Mountain West Mentality

For homeowners and their architects, the character of a new building may be defined by the context in which it is to be built.

THIS RESIDENTIAL PROJECT IN KETCHUM, IDAHO, posed many challenges for architect Nic Holland, starting with the lot. Although it sits on a serene creek-side property with panoramic views, the lot is small, oddly shaped and lies within a very restrictive and sensitive environmental setting and zoning situation.

The architectural team had to work in compliance with an extremely limiting building envelope within mandatory setback constraints on each of four sides of the complex shaped lot, as well as the riparian zone setback along Warm Springs Creek to the rear. Each constraint informed the allowable building height for the project, and resulted in varied building forms which responded to each geometrically complex setback line. 

The residence is relatively compact and efficient, with 3,249 square feet of conditioned space accommodating four bedrooms and four-and-a-half bathrooms, along with 681 square feet of covered terraces and 773 square feet of garages. With the city-mandated allowable footprint for the lot restricted to 0.35%, the actual footprint occupies 0.34%. 

Design inspirations originated from Mountain West architectural vernacular traditions, including various ski lodges, a deep history of mining, ranching and rural barn structures, as seen around Ketchum and the west in general. “Although no single source inspired and led to the building form, each variable above was managed sculpturally in order to coalesce,” says Holland, “resulting in what the client believed to be appropriate architectural form, character, texture and materiality for the residence, while speaking to the various contributing sources.”

Holland adds, “Incidentally, the first ski lift ever built was erected at nearby Sun Valley, which, although indirectly, contributes to a certain mood and feeling for the project as well.”

For this project, Harvest Timber Specialty Products’ Windswept Weathered Wood material became the logical choice. The stone veneer applied inside and out originates from Kalispell, Montana. Seen throughout the Mountain West, it is referred to as Montana Moss. “In a similar way, and further referencing local building material traditions, wood timber columns and beams at both interior and exterior specified rough sawn Douglas Fir, reflecting the feeling of the sawmill, unrefined and rugged, which, together with the stone, contribute to a sense of warm, easygoing informality,” says Holland.

Further respecting its unique location and surroundings, the house is LEED silver rated. The heating is delivered through a combination of both radiant in-floor heating on each level and carefully calibrated conventional furnaces and cooling systems. “The building is at 5,500-foot elevation in a high, very dry desert environment,” says Holland. “Here, it can be freezing early and later a hot 90 degrees within a single day.”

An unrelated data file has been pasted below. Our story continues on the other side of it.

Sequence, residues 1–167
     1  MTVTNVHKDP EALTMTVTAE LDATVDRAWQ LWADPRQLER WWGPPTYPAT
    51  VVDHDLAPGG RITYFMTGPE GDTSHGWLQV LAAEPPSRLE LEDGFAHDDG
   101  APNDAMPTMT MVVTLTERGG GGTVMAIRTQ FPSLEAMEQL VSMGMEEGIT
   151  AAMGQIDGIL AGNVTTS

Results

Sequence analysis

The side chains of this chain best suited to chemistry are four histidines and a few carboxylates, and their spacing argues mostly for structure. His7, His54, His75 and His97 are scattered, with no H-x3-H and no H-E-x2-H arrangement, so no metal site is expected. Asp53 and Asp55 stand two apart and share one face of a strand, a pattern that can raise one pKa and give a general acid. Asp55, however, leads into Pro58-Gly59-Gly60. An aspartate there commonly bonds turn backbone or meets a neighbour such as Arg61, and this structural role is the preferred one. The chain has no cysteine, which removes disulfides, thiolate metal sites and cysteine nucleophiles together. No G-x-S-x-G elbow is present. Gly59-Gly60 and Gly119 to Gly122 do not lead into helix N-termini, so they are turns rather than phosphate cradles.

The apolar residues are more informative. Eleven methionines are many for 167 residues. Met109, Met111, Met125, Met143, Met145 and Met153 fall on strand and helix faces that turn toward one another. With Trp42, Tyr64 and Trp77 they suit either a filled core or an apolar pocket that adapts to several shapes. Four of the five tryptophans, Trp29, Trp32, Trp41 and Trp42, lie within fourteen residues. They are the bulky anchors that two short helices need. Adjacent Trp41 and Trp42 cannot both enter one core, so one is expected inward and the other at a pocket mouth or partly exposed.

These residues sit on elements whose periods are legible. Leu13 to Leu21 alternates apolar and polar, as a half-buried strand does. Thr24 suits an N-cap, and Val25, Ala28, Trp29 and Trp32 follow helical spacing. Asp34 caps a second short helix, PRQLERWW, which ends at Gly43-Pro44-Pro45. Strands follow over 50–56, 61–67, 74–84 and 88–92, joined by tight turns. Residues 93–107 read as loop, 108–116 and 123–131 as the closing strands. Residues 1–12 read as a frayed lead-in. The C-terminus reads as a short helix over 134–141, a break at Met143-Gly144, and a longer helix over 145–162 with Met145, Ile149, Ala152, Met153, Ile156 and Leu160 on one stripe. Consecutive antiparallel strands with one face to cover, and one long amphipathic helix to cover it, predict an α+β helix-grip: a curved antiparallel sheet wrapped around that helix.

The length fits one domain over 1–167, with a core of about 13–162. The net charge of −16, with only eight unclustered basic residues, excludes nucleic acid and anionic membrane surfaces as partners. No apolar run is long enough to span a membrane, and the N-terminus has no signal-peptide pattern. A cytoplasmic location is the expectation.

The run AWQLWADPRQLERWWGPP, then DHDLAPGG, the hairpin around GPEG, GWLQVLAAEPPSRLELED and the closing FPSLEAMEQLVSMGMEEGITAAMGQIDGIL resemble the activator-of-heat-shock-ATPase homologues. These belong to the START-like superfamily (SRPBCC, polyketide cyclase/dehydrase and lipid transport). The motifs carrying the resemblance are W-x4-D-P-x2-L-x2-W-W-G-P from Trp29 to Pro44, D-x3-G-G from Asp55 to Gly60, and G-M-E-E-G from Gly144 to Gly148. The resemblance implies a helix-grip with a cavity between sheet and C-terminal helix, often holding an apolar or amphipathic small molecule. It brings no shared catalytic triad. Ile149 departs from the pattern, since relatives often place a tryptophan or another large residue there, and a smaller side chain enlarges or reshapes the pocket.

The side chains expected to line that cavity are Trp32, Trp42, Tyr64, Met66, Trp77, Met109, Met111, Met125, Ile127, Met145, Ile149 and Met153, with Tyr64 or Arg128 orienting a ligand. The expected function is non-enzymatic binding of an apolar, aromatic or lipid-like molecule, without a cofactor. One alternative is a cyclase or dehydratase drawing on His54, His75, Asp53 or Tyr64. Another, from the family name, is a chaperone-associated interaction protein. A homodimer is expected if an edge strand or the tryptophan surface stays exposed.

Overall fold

Inside, the space is efficient and minimalist but filled with bespoke details that enhance its unique character. A showpiece blown glass pendant fixture in the Foyer, produced by an artisan in Murano, Italy and sourced in San Francisco, adds a splash of vivid color to the earth tones and natural materials throughout. In the dining area, a recessed niche is backed with Aspen log butts, following a local example which resembled an ongoing tradition of firewood storage. “It became an opportunity to introduce a textural articulation in this and several other locations in the residence,” says Holland.

Custom elements are abundant in the kitchen. The range hood was designed and custom fabricated from blackened steel, with stainless steel strap work to complement and extend the palette of backsplashes, countertops and appliances. Black shelving and perforated steel cabinet fronts work together, not only with the palette within the house, but also in reflection of the blacksmith and metal working traditions in and around the area, from rural mining to ranching and skiing structures. The farmhouse sink is cut from a solid block of black granite. 

The kitchen island bar top is made from sustainably sourced Costa Rican timber known as Monkeypod, supplied by Impact Imports of Boise, Idaho. This company also sourced reclaimed wood salvaged from old Indonesian fishing boats for some of the outdoor furniture in the front courtyard, as well as an Indonesian basalt firepit on the rear covered terrace.

Holland’s team designed the hardscape, integrating it seamlessly with the outdoor living spaces of the residence, while the natural-looking plant materials and complex series of dry wells were designed and selected by Ketchum landscape architect Kurt Eggers. The native plantings at the riparian zone along the creek’s edge were specified by Sawtooth Environmental Consulting’s Trent Stumph in conjunction with the city of Ketchum, and are appropriate to the surrounding natural setting.  

Not only respecting the natural surroundings but embracing and incorporating them into the design, Holland and team succeeded in creating a comfortable, stylish space that combines a rustic aesthetic with modern yet timeless touches.

 Nic Holland Architects
512-346-6620  |